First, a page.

The army operation, which began on March 12, was conducted without the usual watchful eyes of the U.S. media. Colonel Harrison, who commanded the Third Brigade, 101st Division, the last full American division in Vietnam, noted that a lesson had been learned from what had happened at Dong Ap Bia (Hamburger Hill): “taking heavy casualties and providing that unpleasant news, especially at this time of the war wind-down, to the American public, brought down sharp criticism and scrutiny on the already unfortunate unit.” In addition, during the time of Operation Texas Star, the media’s attention had been focused on the invasion of Cambodia. Harrison pointed out that even army combat photographers and reporters were barred from Ripcord. Some enterprising army reporters did sneak aboard a helicopter and flew into the 101st’s area of operation, he said, but they were soon discovered and ordered out. “This was indeed extraordinary censorship in a here-to-fore uncensored war,” Harrison said.

According to Harrison, the area of operation for the men of the 101st was “thick, hot steaming in the day, cold and wet at night, triple canopy, insect filled jungle with an occasional view of backbreaking hills to climb.” From the start of the battle until Ripcord had to be abandoned on July 23, 1970, Spaulding estimated that, if all of the units supporting Ripcord were counted, more than 800 Americans had been killed during the operation, during which they were besieged by approximately 25,000 NVA soldiers. “I don’t know of anyone who came off that hill who wasn’t wounded,” Spaulding recalled, noting that enemy mortar shells fell on the base “like raindrops.” Among those who gave their lives were Wieland Norris, the brother of actor Chuck Norris, and Lieutenant Bob Kalsu, a former football player with the Buffalo Bills, the only active professional athlete who died in the war.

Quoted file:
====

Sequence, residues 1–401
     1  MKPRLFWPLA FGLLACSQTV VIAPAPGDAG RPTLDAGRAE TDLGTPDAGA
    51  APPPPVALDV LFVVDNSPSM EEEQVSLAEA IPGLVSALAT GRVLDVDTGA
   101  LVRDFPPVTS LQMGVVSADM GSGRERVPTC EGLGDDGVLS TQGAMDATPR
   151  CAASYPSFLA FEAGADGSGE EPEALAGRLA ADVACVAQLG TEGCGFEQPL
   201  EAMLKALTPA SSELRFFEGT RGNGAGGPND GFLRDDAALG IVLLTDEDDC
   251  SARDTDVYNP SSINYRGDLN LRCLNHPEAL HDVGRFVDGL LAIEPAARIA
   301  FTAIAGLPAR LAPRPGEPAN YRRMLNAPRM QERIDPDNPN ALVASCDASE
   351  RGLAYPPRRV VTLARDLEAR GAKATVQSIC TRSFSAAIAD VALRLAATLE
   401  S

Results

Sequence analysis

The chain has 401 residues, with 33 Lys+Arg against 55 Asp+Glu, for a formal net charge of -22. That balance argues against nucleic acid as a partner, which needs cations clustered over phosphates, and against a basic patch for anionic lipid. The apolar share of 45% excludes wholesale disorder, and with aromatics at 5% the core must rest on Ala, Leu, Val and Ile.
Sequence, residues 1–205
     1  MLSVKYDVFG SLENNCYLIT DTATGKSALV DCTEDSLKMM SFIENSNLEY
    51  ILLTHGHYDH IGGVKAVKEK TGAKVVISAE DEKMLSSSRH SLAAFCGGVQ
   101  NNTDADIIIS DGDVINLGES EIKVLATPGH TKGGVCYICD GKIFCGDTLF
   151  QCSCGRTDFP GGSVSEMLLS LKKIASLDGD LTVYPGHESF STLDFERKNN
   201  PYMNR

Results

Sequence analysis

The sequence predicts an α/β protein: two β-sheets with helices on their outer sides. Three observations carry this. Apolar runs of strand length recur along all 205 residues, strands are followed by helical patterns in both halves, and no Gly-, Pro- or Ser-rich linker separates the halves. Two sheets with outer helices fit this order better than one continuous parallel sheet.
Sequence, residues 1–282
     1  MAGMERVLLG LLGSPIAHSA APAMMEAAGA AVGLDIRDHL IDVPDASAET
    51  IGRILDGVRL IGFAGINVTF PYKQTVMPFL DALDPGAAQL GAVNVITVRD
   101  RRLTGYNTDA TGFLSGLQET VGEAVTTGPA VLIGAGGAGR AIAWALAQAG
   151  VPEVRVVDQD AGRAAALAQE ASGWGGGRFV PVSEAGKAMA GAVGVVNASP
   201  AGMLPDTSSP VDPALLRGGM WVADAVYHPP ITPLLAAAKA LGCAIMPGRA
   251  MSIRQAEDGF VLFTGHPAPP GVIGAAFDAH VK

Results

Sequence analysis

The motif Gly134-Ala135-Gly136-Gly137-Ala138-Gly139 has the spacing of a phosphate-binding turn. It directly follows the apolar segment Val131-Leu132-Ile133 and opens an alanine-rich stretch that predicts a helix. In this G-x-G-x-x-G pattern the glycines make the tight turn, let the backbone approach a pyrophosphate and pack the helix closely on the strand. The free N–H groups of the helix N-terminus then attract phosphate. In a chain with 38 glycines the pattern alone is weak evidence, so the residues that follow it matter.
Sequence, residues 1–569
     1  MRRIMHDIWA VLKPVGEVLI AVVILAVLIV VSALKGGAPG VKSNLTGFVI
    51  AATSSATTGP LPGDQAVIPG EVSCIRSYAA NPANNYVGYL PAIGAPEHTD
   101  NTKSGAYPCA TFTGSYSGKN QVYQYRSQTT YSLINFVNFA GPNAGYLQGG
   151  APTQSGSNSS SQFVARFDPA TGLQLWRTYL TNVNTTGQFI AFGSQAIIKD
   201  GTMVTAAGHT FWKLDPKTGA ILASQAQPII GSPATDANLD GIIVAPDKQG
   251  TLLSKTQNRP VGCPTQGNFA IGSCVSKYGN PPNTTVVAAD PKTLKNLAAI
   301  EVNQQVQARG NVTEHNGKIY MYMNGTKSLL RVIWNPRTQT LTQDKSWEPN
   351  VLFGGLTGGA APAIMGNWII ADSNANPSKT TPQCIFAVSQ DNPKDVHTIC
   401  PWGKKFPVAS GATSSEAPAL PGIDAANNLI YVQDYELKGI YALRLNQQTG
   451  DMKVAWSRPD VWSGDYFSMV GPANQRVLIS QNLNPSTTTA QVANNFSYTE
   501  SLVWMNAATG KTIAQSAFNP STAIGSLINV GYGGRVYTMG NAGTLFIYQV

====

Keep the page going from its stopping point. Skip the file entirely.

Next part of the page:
“July was terrible,” remembered Specialist Fourth Class Daniel Thompson, a wireman at Ripcord. The enemy constantly barraged the firebase with mortar and rocket fire. “Day after day, night after night. I was getting shell shocked. I didn’t care if I got out,” said Thompson. “At night you could hear the [enemy] yelling from the jungles all around, ‘GI die tonight! GI die tonight!’ This was our deathbed. We thought we were going to be overrun.” On July 22 Brigadier General Sidney B. Berry, the acting division commander, informed Harrison of his decision to close Ripcord and evacuate American personnel—a decision Berry made based on what he believed “to be a costly, unjustifiable continuation of human casualties for no corresponding military advantage.”

Then a captain, Spaulding coordinated all of the air support covering the withdrawal from Ripcord on a mission that encouraged those still fighting, as one soldier remembered, that they “might actually get off the firebase, alive. And it motivated us to fight all the harder for that eventuality.” On the morning of July 23, Spaulding left Camp Evans, the tactical operations center, for Ripcord, about a twelve-minute flight, flying in an unarmed OH-6A scout helicopter with his pilot. They were on hand to offer support for the retrieval of Alpha Company, which had been engaged in desperate hand-to-hand fighting against the enemy. One of the members of the unit remembered waking up that morning to be confronted by the face of the enemy soldier he had killed the previous day. The scene as he flew toward the firebase seared itself onto Spaulding’s mind. He remembered:


The China Sea is behind us, the sun’s coming up and it’s black out in front of you, but as the sun is coming up it’s hitting the top of the mountains and it was really   beautiful. You’re somewhat in awe when you’re looking at that. At that point, the radios start popping, all the different outfits are calling and telling me they’re on their way. I looked south and it was the most awesome sight you ever saw. It looked like thousands of helicopters with the sun reflecting off the plexiglass. . . . As far as I can see are these helicopters coming, with their radios popping. I thought, ‘My God, what an awesome sight. And, I’m part of it.’ It made you proud to be an American. Everyone in all those choppers, they were all there for the same reason, to get those guys out.